From the very beginning of the film, Spielberg manages to weave a dream-like spell over his audience. The film is very simple and yet within that simplicity is a breezy movement that is happy to simply live in the moment of this unique friendship. Spielberg’s not setting up sequels here and that in itself must be truly freeing for a director known for creating franchises. As a result, The BFG is easily a film to revisit time and time again and, as it is not afraid to go dark on its youngest audience members, it is a film that will surely age alongside them. Magically enough, the film – especially for the older audiences – will have the reverse effect. I swear to God that you will leave the film feeling somehow younger and enthused by the twinkle-eyed tale.
Rylance’s and Barnhill’s performances are pitch-perfect and manage to make up for any loss of emotion the simplicity of the tale lets slide as it is alarmingly escapist entertainment when broken down to bone. Being a Dahl creation, it will be no revelation to suggest to you (the collective “you” being those familiar with the author’s work) that this is one of the stranger of Spielberg’s offerings.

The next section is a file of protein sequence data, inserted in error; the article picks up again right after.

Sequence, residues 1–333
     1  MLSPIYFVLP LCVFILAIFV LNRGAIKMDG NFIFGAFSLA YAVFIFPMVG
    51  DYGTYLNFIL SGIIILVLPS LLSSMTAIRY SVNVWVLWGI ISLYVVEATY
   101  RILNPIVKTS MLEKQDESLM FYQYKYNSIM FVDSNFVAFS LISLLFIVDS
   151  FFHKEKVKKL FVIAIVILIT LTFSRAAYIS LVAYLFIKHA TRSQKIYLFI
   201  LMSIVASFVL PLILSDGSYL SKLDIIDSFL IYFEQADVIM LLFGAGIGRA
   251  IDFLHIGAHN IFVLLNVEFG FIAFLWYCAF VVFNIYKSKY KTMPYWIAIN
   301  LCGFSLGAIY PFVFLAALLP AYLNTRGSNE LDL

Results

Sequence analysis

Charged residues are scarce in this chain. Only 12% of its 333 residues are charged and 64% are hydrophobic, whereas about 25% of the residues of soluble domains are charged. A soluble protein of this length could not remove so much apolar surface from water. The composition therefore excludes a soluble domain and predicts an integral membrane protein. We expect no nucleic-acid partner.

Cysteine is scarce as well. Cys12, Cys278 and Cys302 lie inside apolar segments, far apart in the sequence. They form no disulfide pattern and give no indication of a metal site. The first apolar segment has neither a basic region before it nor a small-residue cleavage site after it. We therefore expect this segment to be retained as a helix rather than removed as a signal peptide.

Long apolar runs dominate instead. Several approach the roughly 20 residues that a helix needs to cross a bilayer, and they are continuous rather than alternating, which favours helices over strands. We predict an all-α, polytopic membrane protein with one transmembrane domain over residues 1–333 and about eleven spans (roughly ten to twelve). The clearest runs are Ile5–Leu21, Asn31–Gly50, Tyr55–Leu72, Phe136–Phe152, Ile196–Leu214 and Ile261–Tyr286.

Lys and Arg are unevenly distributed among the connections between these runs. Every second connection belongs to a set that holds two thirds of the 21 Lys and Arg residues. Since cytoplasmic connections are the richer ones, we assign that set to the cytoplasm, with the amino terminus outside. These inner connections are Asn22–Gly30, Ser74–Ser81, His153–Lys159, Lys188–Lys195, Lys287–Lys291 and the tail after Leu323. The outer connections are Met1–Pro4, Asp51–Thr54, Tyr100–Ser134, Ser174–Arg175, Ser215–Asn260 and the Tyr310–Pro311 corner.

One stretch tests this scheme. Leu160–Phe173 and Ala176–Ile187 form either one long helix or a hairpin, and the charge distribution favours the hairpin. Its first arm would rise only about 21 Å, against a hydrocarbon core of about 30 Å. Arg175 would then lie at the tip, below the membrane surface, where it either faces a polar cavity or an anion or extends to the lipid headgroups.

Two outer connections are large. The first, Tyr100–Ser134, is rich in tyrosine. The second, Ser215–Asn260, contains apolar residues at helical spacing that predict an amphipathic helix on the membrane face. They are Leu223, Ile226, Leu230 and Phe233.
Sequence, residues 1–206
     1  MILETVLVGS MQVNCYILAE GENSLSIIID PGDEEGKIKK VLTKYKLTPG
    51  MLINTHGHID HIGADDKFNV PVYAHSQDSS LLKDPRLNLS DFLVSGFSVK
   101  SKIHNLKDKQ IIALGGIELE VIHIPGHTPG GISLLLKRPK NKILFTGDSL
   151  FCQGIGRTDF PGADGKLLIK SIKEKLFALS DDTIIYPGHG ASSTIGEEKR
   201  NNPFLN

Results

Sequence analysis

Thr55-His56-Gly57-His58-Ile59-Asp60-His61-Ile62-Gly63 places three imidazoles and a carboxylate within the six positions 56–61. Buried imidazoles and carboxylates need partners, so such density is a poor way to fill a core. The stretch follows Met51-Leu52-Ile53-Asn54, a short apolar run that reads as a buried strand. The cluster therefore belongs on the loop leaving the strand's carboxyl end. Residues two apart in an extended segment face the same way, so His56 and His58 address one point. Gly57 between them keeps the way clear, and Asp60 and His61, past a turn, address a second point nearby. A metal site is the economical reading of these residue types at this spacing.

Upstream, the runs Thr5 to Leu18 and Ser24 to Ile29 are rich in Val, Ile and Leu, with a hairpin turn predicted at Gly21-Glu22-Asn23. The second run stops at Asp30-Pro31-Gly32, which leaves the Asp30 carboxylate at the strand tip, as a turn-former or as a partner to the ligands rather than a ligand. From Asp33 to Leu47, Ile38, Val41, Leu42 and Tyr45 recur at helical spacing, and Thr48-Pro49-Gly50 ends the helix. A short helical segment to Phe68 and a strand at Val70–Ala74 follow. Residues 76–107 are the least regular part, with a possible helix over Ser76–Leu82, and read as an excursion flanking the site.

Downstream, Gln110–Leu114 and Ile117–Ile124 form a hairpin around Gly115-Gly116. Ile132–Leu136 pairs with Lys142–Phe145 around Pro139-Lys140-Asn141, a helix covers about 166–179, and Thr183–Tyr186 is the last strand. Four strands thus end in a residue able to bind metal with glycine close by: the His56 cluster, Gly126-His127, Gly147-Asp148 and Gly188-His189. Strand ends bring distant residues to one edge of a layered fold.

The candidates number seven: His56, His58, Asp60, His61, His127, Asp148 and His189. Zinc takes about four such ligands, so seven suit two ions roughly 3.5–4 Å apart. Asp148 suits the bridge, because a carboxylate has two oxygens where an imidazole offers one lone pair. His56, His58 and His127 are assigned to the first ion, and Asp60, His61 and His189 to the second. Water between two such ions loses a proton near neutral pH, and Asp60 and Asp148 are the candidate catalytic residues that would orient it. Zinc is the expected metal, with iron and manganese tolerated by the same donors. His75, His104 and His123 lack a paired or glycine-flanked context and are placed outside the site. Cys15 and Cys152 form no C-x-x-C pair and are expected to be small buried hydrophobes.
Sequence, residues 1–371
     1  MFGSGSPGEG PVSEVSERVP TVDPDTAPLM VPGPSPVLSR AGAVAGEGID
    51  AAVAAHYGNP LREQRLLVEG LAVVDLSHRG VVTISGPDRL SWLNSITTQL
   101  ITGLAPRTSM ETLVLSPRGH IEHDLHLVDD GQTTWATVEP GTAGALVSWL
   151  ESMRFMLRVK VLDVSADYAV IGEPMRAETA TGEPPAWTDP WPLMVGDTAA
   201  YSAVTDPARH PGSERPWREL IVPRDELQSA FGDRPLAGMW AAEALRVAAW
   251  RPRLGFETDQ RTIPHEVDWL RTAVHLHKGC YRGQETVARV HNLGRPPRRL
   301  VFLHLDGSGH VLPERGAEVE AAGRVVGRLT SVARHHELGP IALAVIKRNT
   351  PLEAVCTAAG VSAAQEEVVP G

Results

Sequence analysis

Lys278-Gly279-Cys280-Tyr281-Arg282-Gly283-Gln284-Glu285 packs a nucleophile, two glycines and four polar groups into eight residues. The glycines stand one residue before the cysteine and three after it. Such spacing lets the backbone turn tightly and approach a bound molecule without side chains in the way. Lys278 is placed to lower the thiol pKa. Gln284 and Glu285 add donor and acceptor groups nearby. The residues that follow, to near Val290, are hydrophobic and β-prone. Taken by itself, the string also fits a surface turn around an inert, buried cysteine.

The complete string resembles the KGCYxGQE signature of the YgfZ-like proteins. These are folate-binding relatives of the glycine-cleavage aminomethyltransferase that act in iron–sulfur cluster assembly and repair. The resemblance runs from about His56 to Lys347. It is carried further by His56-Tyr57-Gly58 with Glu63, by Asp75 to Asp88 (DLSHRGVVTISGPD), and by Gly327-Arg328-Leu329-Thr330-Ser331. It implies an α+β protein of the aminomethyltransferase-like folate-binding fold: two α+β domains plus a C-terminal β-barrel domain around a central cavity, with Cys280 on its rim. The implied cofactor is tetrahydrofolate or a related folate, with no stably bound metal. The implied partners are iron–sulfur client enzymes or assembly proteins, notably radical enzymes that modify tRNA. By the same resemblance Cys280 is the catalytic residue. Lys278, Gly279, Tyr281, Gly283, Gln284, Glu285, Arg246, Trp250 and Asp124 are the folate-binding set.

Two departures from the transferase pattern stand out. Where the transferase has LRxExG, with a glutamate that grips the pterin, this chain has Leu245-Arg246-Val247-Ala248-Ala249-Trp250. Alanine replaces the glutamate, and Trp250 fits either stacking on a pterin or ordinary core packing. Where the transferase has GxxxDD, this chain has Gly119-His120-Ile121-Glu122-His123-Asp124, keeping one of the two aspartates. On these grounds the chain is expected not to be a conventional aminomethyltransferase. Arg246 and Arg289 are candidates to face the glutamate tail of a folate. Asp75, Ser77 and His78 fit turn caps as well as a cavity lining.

True, there is room for both boys and girls in this widespread tale of hugs and farts and dreams, dreams, dreams but that doesn’t exactly mean that The BFG isn’t without a wart or two. Cinematographer Janusz Kaminski fixes his steely gaze on all things magical – including a tree where dreams are plucked from – but he doesn’t quite have a strong enough story to match the visuals against. This is a tale of friendship and little else; it is faithful to the book to a fault. Books and films should and often do flow differently.
Technically speaking, there is little simple in Spielberg’s film, though. The special effects are eye-popping and as outrageous as some of the on-screen hijinks happening around the giants and the Queen of England (Penelope Wilton). This is a massive film of awesome effects. It will not disappoint there. But Spielberg is content enough to let the simple-minded story slide a bit. The marvel trumps the meaning, if you will. He’s not chasing after some mysterious white rabbit with Dahl’s work; he simply wants the story to live in its world and does so by revisiting some of the themes he has mastered so well.